‘Good Steward’ of the Watershed

Things You Can Do to Preserve Highland Lake and Be a "Good Steward" of the Watershed

By Clare Stevens, Water Quality/Environmental Chairperson

  1. Make a rough sketch of your lake property boundary. Indicate existing structures (house, garage, decks, driveways) and estimate the percentage of land covered by impervious surfaces. Start to determine ways you can reduce the impact of impervious surfaces by planting shrubs, plants and trees to reduce erosion. Laurel, oak and maple naturally thrive here.
  2. Assess the slope of your land and think of ways to break the surface flow of water that erodes soil into the lake. Plateau your slope with dividers such as rocks, pavers and railroad ties. Plants such as hostas, which develop extensive root systems, can border dividers and absorb surface waters.
  3. Reduce lawn size by creating “buffer gardens” near your waterfront; plant ground covers such as pachysandra, decorative grasses or low-growing shrubs. Since Winsted is the Laurel City, it might be attractive to plant some laurel bushes near your waterfront. It grows relatively slowly, needs no fertilizer and is resistant to most scales and grubs. We have a lot of mountain laurel on the perimeter of the lake that is indigenous to the watershed; it makes a beautiful display while blooming.
  4. Clear road sand and debris from storm drains on the road near your property so they’ll function effectively during heavy rain events. While the Highway Department sweeps the roads periodically, it can’t keep up with the debris that accumulates after each heavy storm. Any sand we can keep from entering the lake will add to its longevity. Never dump oil or other chemicals in storm drains. Hazardous wastes are collected at Regional Refuse Disposal District #1. RRDD #1 charges by the car; it would be helpful for you to coordinate with neighbors and take up to 15 gallons in one load.
  5. Check gutters and clean them out regularly so they’ll work effectively. By putting dry wells at corner downspouts, you can disperse the outflow of water underground and avoid erosion.
  6. Have your soil analyzed to determine the appropriate type and quantity of fertilizers you might apply to your yard or garden to support healthy plant life. Try composting to add natural, indigenous nutrients to your soil. Soil-testing kits are available for $8.00 from Litchfield County Cooperative Extension Service at the Torrington Branch of UConn (860.626.6240). The Extension Service is open Monday – Friday, 8:30 a.m. - 4:30 p.m. The soil sample is sent to the University of Connecticut Home and Garden Education Center where it is analyzed; you will receive a written report regarding the amount and type of fertilizer you need for your specific soil and type of vegetation you are growing.
  7. If you have a crushed rock drive or walkway and want to rid it of weeds, try this formula rather than a toxic pesticide: 1 gallon vinegar, 1 cup salt, a generous dose of liquid detergent. Spray on, especially on a hot, sunny day, and watch weeds wilt.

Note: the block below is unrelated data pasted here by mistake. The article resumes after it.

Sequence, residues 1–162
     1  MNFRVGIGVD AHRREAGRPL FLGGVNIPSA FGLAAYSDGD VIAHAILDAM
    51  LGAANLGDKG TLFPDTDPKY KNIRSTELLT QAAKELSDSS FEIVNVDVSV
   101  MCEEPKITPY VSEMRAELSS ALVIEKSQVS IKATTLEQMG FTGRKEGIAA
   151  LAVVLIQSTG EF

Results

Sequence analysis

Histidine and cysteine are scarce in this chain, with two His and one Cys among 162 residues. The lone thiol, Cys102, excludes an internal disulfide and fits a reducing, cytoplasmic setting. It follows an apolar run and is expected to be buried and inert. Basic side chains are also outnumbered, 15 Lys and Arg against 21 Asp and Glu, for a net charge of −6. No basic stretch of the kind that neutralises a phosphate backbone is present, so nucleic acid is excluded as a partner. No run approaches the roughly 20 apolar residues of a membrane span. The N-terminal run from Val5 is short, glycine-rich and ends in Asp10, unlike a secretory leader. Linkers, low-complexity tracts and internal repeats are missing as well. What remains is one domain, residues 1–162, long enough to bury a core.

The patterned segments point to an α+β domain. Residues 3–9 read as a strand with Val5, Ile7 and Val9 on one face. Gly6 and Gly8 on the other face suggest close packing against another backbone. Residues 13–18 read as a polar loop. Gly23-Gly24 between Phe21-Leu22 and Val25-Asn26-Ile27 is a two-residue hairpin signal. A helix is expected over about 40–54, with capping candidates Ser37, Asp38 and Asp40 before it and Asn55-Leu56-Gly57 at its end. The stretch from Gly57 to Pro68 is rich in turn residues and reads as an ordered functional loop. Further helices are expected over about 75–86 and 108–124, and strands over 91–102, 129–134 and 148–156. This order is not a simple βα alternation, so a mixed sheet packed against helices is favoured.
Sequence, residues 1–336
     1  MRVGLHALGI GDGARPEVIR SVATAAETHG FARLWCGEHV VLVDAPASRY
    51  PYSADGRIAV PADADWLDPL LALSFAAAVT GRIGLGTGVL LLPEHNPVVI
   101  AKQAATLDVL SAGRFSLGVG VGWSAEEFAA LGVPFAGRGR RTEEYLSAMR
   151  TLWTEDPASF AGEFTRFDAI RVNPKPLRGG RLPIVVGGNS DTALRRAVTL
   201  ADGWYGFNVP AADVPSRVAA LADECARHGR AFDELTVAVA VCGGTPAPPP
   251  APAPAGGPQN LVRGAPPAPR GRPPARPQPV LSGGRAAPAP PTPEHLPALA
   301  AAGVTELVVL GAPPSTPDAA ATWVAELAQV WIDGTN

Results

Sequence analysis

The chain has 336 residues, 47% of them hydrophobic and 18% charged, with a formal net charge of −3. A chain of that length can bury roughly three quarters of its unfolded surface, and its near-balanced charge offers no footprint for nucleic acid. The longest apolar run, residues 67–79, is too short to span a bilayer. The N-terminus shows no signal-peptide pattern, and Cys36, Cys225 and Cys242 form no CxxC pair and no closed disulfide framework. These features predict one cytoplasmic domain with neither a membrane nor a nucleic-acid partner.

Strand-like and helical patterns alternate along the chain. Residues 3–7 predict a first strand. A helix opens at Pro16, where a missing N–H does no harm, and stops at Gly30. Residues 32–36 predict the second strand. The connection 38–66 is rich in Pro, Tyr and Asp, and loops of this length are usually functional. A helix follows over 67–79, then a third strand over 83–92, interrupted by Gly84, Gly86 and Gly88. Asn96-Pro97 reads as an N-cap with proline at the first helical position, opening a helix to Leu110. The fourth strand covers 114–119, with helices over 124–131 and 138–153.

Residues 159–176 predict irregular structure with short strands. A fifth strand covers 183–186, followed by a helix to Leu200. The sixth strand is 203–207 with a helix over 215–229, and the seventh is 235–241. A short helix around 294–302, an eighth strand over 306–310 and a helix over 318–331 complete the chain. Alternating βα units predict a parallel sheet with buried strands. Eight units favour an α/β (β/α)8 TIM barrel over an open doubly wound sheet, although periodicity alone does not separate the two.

8. Remember that purple loosestrife, while a lovely magenta “flower,” is a highly invasive aquatic weed. If you have any, please remove and dispose of it in a trash bag.
  9. Leave grass clippings on your lawn; they make excellent natural mulch and fertilizer.
  10. Use biodegradable or no-phosphate soaps to wash cars and boats. Wash them a good distance away from storm drains so soaps and chemicals don’t run into the storm drains that lead directly into the lake.
  11. Clean up your pet’s “poop”; dispose of it with your trash. Remember not to put pet litter into your toilet if you are on the grinder pump sewer system.
  12. When the deep water-level drawdown occurs and the lakebed is exposed, try pulling any weeds you wish to without just tearing off the tops. You need to get the roots as well. If the weeds are growing in sand/gravel soil, it may be more difficult to uproot them. Weeds growing in softer lakebed sediments may be removed with root intact more easily. Dispose of any weeds in the trash.
  13. During the deep drawdown, look at your retaining wall. Determine if you can secure it to avoid leaching of soil into the lake.
  14. Plant shrubs rather than build fences. Plant life helps the watershed and can provide attractive screening for privacy. It also is less of an obstruction to wildlife that seek a shoreline corridor for traveling and hunting.
  15. Read labels on all products to determine if contents are safe for the lake environment. Oil-based pesticides are generally not good for a waterbody. Sprays for shrubs, lawn grubs or power washing siding on homes often contain toxic chemicals. Remember, much of what you apply on your piece of the watershed washes into the lake. It gets dispersed throughout the lake so it affects everyone. It can also percolate down into the aquifer from which well water comes.
Being a good steward of our watershed may take a little more time, effort and thought. If we each do just one thing on this list that we were not formerly doing, it will help slow the aging process of our lake and preserve our property values.



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